What type of home best fits my lifestyle today?

If you feel like you’ve dialed in your budget but you’re wondering if you should push that budget and try to squeeze into that forever home sooner than later be careful about focusing too much on finding the perfect home based on your “vision” of the future. Life has a funny way of sneaking up on us and sometimes things don’t always go as planned.

Although you can easily see yourself living in that forever home be realistic about what home best fits your lifestyle today. If you’re in a transitional stage of life where you might change jobs, get relocated or start a family down the road, then a starter home is probably a better bet.

When you’re looking at potential homes ask yourself, “What is it about this home that makes it seem like a starter home?” Will your children be teenagers soon and you can tell this home will be too small in the very near future? Will it be in the wrong school district in a couple years as your children age? Does it have enough space but needs too much work for you to take on at this time? If so, a forever home might be what you really need.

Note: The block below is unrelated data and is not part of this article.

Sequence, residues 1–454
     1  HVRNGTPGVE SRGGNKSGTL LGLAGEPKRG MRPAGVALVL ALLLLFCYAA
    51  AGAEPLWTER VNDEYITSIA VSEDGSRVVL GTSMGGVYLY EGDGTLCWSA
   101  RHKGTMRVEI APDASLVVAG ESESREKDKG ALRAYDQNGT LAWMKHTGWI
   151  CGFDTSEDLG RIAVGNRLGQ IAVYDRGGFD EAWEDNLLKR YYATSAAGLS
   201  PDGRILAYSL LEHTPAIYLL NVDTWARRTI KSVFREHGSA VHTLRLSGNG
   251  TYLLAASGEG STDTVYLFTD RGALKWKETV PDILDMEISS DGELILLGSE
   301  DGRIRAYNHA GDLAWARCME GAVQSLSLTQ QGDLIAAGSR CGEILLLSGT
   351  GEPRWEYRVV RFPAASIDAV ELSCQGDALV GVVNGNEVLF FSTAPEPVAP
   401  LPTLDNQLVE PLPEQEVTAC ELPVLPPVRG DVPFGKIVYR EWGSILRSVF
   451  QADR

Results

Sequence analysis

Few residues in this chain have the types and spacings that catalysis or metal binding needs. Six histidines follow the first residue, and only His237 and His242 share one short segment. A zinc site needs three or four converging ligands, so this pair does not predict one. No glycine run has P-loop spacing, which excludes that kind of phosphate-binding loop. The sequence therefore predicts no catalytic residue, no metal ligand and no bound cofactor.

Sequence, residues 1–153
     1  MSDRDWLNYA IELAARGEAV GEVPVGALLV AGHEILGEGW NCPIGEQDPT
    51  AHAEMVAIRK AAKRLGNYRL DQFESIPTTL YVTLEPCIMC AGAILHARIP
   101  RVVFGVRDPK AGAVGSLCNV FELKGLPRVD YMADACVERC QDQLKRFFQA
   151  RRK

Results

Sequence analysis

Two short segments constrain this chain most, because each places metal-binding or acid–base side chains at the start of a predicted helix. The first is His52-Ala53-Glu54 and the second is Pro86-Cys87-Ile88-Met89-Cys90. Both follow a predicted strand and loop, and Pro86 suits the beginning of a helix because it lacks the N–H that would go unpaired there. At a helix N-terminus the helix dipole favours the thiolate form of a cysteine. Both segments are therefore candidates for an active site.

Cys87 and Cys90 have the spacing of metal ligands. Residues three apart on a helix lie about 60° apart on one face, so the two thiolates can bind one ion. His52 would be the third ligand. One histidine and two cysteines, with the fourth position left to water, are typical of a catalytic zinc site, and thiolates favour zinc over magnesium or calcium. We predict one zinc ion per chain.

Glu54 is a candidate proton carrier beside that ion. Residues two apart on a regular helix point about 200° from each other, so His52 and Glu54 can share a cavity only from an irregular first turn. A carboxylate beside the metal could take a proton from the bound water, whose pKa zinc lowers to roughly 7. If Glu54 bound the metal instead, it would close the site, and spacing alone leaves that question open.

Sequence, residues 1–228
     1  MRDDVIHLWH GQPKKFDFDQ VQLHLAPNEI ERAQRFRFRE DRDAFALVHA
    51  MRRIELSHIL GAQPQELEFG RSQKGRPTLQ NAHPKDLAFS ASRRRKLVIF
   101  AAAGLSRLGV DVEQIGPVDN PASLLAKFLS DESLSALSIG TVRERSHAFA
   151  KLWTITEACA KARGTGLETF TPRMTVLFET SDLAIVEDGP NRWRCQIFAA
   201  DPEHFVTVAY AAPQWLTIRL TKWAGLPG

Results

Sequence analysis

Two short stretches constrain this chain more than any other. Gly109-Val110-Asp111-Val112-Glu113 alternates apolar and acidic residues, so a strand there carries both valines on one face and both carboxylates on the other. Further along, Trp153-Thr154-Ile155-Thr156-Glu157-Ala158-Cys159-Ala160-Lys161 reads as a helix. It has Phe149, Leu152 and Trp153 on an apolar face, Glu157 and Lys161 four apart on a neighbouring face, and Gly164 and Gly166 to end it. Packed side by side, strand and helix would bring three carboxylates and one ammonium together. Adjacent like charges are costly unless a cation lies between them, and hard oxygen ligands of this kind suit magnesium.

If you’re in a place of stability already then maybe the forever home is the best choice. If you’re confident in your employment and you’re not expecting your family to grow any larger then it is worth considering.

What’s going on in my local market?

Aside from your own personal budget and lifestyle there’s always the investment aspect of a home purchase.

If you find yourself more interested in putting down roots and staying put for 20 or 30 years you’ll have plenty of time to ride out fluctuations in the market and still benefit from your home purchase as an investment. You might be happier just saving up a little more money for the down payment and then reaching for the top. If you don’t need to make a sizable profit on your home in a relatively short period of time it’s another good indication that a forever home is the better fit for you.

But if you’re leaning towards the starter home at this point that’s more of a short term play and so you need to be aware of what’s going on in your local market. When evaluating starter homes think about what will work for you now but also how attractive a particular home could be to the next buyer in the future.